2. Celiac.com 12/09/2017 - For those of you who haven't yet heard about GliadinX, it is a dietary supplement with the highest concentration of AN-PEP, Prolyl Endopeptidase (Aspergillus Niger), and, unlike other enzymes, these have been shown in studies to break down gluten in the stomach. I've been using them regularly for months, and I tend to take them whenever I eat out, or eat at a friend's house, so basically whenever I don't have control over my food's preparation. Since I began doing this I haven't had any incidents of upset stomach, which are my typical symptoms if I get any cross contamination. However, it is hard to prove a negative...after all, perhaps I haven't had any issues because all of the food I ate was 100% gluten-free...right? I will now describe a recent glutening incident that involved none other than my Mother, who visited us this past Thanksgiving. How this could happen in my home, after all I'm the owner of Celiac.com, is an embarrassing but true story which I will share here in the hope that it will help you avoid my errors, and perhaps give you a way to recover should something similar ever happen. My brother brought over three pies for Thanksgiving dessert, one was a gluten-free apple pie, and the other two were pumpkin pies: one was gluten-free, but the other was not. What could go wrong, right? My brother's reasoning for bringing a non gluten-free pie into my house was pretty basic: several of the guests were not on a gluten-free diet, so he wanted to offer them what they were used to. What you need to know about my Mother is that she's very gluten sensitive. A tiny amount of gluten leaves her wrecked for days. I think you probably know where I'm going here, but basically everyone was busy socializing, eating, or cleaning while dessert was being served, and a friend grabbed a piece of the gluten-containing pumpkin pie (she assumed that if it was in MY house it was gluten-free) and handed it to my Mother. After she swallowed two bites we realized the mistake, but it was too late. My Mother had the look of horror on her face as she realized that the rest of her trip to California was probably ruined. I immediately flew into action and gave her several capsules of GliadinX, which she took with lots of water. We carried on with the evening, and I checked in with her over the next couple of hours. Amazingly she didn't have any noticeable symptoms or issues, but she was still certain that they were coming, and that she wouldn't get any sleep and would feel horrible the next day. Remarkably, none of her worries came true. She slept fine, and woke up feeling great. We were both amazed because any past similar incidents always ended badly for her. Suffice it to say that my Mother now keeps a bottle of GliadinX with her all the time...just in case! --by Scott Adams Many people have asked Celiac.com how they can order this product, so we've included a "Buy Now" link below to order them directly from the manufacturer: Sources: Scientific publications on AN-PEP enzymes: Extra-Intestinal Manifestation of Celiac Disease in Children. Nutrients 2018, 10(6), 755; doi:10.3390/nu10060755 Efficient degradation of gluten by a prolyl endoprotease in a gastrointestinal model Enzymatic gluten detoxification: the proof of the pudding is in the eating! Highly efficient gluten degradation with a newly identified prolyl endoprotease: implications for celiac disease Degradation of gluten in wheat bran and bread drink by means of a proline-specific peptidase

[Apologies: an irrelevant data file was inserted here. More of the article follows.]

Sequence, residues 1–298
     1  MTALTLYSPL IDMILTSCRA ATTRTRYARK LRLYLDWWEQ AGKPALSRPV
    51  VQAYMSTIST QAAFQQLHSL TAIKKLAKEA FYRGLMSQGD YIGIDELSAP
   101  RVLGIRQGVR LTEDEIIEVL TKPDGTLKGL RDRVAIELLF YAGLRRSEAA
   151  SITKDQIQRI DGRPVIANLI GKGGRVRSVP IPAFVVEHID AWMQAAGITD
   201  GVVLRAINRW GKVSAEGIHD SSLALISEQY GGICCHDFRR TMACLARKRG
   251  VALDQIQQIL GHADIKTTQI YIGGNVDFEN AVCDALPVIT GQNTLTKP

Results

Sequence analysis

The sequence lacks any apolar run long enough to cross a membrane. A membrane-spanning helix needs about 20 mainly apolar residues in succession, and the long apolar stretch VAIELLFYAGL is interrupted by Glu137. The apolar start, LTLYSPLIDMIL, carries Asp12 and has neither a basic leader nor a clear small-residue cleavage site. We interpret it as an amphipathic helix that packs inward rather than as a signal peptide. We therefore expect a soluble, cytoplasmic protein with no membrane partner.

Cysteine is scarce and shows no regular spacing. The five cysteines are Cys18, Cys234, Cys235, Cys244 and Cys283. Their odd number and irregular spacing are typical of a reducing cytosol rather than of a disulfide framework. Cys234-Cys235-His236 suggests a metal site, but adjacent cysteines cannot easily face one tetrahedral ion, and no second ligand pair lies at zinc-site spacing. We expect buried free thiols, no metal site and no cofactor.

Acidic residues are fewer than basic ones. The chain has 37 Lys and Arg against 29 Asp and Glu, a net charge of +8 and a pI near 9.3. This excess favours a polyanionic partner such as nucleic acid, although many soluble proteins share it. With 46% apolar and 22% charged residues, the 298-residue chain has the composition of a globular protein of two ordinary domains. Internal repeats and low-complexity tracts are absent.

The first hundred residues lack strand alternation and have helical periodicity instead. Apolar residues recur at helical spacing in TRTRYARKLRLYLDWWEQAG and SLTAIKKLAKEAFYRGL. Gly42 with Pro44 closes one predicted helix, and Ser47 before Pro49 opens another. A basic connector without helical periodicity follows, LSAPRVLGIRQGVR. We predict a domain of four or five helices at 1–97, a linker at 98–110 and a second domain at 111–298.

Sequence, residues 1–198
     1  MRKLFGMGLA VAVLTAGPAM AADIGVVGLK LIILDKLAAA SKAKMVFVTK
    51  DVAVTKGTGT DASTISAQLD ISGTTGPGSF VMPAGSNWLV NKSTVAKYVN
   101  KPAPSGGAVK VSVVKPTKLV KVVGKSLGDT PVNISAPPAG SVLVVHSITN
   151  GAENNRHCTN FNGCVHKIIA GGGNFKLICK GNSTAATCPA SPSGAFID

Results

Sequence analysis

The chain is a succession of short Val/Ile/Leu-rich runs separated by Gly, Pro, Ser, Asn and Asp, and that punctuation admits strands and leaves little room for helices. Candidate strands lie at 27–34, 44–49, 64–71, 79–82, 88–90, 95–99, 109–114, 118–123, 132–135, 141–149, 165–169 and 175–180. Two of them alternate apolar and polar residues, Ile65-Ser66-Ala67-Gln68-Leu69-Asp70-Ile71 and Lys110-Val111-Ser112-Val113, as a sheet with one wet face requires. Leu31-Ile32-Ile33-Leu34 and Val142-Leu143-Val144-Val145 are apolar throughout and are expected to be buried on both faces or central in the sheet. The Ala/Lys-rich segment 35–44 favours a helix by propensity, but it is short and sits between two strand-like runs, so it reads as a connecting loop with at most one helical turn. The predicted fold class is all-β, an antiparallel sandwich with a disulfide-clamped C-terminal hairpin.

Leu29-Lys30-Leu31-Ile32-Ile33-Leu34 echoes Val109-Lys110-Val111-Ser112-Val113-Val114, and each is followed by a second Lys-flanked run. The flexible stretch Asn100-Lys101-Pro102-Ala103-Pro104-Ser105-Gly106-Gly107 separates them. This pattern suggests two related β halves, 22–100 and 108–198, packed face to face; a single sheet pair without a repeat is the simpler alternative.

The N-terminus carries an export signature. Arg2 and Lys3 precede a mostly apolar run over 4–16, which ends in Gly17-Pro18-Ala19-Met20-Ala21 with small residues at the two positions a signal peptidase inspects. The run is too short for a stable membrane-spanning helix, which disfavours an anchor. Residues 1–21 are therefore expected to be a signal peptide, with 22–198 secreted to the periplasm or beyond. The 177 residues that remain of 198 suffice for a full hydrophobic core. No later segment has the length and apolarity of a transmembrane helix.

3. GliadinX is a dietary supplement with the highest concentration of AN-PEP, Prolyl Endopeptidase (Aspergillus Niger), the most effective enzyme proven to break down gluten in the stomach. This high potency enzyme formulation is specifically designed to break down gliadin, and unlike other enzyme formulas that claim to do the same, there is a growing body of research that backs up the effectiveness of GliadinX (see Sources below). GliadinX does not prevent and is not a cure for celiac disease, however, extensive scientific research has been conducted at multiple medical centers which has shown that it effectively breaks down gliadin into small, harmless fragments before it can reach the small intestine. GliadinX is perfect for celiacs who still want to eat outside of their home, and not have to worry about cross-contamination, and for those who are gluten sensitive and wish to continue eating gluten. The quote below was made by Dr. Stefano Guandalini, Department of Pediatrics, Section of Gastroenterology, Hepatology and Nutrition, University of Chicago Celiac Disease Center-Comer Children’s Hospital, Chicago, IL, and was published in Nutrients 2018, 10(6), 755: "12. Treatment of the Extra-Intestinal Manifestations of CD the only one that is currently on the market is the gluten-specific enzyme, GliadinX (AN-PEP). Unfortunately, it is only capable of detoxifying 0.2 g of gluten or roughly that of 1/8 of a slice of gluten-containing bread. For this reason, it should only be used as an adjunct to the GFD when there are concerns for accidental gluten contamination and in an effort to ameliorate symptoms, not as a replacement for the GFD." Many people have asked Celiac.com how they can order this product, so we've included a "Buy Now" link below to order them directly from the manufacturer: Sources: Scientific publications on AN-PEP enzymes: Extra-Intestinal Manifestation of Celiac Disease in Children. Nutrients 2018, 10(6), 755; doi:10.3390/nu10060755 Efficient degradation of gluten by a prolyl endoprotease in a gastrointestinal model Enzymatic gluten detoxification: the proof of the pudding is in the eating! Highly efficient gluten degradation with a newly identified prolyl endoprotease: implications for celiac disease Degradation of gluten in wheat bran and bread drink by means of a proline-specific peptidase